Also on Saturday, October 5th, I gulped down tears (and a Coors light in Colleen’s honor,) as the Avett Brothers played Paul Simon’s “Slip Slidin’ Away” :

“I know a woman
Became a wife
These are the very words she uses
To describe her life
She said a good day
Ain’t got no rain
She said a bad day’s when I lie in bed
And think of things that might have been”

If you have cancer, or if someone you love has it, every second of every day is Cancer Awareness.


She nearly died TWICE “on my watch” on two different trips to Arizona.

Very frightening for a granddaughter to see in her beloved grandmother.

She enjoyed long talks with the Avon lady, days at the hair salon with Desi, gambling at the penny machines “up on the hill” and anything with family.
She loved gifts, butterflies, shoes, the color purple, scary movies, buttered popcorn, chewy brownies, grandpa, angels, Jesus and, did I mention she loved gifts? 8)
Because we loved her so much, we all competed to give her great and creative gifts.

She gave me the very best gift.

Born October 13,1927, she would say, “Thirteen is my lucky number. It’s the day God placed me in this life.”

Before every NFL team wore pink in support of it, before Susan G. Komen made #savetheboobs a communal rally-cry and before every school had a “pink week” to raise money, my grandmother got her first (of several) cancer diagnoses. Aggressive breast cancer at 41 years of age. There was no 5K run in support. Her co-workers didn’t shave their heads to encourage her. This was before people were aware.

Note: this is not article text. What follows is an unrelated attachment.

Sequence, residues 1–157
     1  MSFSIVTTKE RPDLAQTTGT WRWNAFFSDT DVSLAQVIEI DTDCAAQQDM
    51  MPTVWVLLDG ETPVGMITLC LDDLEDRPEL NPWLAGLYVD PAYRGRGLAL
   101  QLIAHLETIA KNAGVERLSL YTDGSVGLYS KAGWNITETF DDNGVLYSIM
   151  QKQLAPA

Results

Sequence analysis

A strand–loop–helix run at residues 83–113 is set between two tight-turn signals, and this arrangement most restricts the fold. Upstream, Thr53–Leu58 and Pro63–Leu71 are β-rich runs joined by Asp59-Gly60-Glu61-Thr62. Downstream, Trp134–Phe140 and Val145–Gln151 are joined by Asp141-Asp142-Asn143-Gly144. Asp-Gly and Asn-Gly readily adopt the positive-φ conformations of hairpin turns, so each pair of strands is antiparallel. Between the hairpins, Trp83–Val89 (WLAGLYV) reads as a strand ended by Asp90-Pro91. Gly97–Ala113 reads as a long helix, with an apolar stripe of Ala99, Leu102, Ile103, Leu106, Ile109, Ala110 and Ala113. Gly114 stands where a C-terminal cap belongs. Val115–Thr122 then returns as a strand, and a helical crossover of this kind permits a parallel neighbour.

She didn’t drive. She carpooled with a “gentleman” to her government job. After she was diagnosed and began her treatments, (that she rode the bus to!), her carpooling partner explained he had to quit taking her to work because he couldn’t risk catching what she had.
This was before reconstructive surgery was “approved.” They took her breast, lymph nodes and so much tissue (including scraping a rib or two) that they developed a bodysuit for her to make her look “normal.” You could say she was the impetus of the original Wonder Bra!–She survived this treatment (from doctors and from co-workers) and persevered through many more cancer diagnoses and treatments. Eleven major surgeries in twenty years.
I never once heard her complain. Not even when she lost every single strand of her hair (which happened with Desi at the hair salon.) My grandmother fixed her jaw and stood strong while she watched as Desi wept.

Lucky 13?

The letter is green and hand addressed to me in Arizona and bears her characteristic, barely decipherable, chicken-scratch lettering. It is written on paper embossed with butterflies: